Wednesday, December 01, 2021

NYU Tax Policy Colloquium on Auerbach, Tax Policy Design With Low Interest Rates

 Yesterday we had our final NYU Tax Policy Colloquium of the year, with Alan Auerbach to discuss his paper (coauthored by William Gale), Tax Policy Design With Low Interest Rates

Before getting to it, a couple of notes about next year. NYU Law School is now shifting permanently to 13-week semesters. Also, I will be repeating this year's experiment of teaching the colloquium solo, and hence having public sessions only every other week. But next year, rather than having an extra public session, I will have an extra "private" session with just the enrolled students. So there will be just 6 public sessions. These will almost certainly still be on Tuesday afternoons, running from early September through the end of November.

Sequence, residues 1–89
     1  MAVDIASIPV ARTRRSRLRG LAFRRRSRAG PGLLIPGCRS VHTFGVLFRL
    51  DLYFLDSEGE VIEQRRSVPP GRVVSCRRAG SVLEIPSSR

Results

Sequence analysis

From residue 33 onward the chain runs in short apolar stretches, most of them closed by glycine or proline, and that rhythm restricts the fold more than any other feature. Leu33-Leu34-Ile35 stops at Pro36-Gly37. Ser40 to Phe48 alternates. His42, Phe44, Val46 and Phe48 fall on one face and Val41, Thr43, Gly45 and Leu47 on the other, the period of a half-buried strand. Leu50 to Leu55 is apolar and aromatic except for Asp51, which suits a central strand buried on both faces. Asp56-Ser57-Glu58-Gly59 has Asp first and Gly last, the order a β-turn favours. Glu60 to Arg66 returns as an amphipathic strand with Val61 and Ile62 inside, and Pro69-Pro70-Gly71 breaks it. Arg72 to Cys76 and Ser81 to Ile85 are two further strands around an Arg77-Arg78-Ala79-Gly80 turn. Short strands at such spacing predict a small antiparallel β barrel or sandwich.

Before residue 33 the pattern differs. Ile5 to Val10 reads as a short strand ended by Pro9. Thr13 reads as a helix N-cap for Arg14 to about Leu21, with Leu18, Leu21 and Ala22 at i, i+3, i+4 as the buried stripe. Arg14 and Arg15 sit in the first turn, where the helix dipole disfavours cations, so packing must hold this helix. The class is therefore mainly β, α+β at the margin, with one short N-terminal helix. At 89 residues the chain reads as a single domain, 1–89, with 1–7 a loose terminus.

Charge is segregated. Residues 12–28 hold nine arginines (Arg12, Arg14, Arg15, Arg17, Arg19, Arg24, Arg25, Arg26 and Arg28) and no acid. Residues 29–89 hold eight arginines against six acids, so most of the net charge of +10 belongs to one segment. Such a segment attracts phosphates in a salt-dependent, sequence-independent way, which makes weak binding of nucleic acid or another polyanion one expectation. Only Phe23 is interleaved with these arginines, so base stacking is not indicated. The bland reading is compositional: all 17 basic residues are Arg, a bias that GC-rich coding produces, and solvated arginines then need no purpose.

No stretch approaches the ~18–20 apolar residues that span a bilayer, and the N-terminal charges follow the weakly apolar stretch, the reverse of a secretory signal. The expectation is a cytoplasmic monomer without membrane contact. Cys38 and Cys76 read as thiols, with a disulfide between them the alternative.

The sessions will still be hybrid (i.e., in-person plus Zoom), unless the law school moves away from use of the Zoom component. But any institutional decision about that lies in the future. Also, while the sessions ran from 2:15 to 4:15 pm this year, I will move them back to something like 4 to 6 pm (depending on how the law school sets up its scheduling blocks), if the state of COVID permits small group dinners afterwards by that time.

Anyway, on to the very interesting paper.

1. Background / overview - The paper focuses on the implications of two important facts: (1) the absolute decline in recent years of interest rates on both safe assets and riskier assets, and (2) the decline of the former relative to the latter. So we are now living in a low interest rate environment, which appear likely to continue although of course one never knows for sure.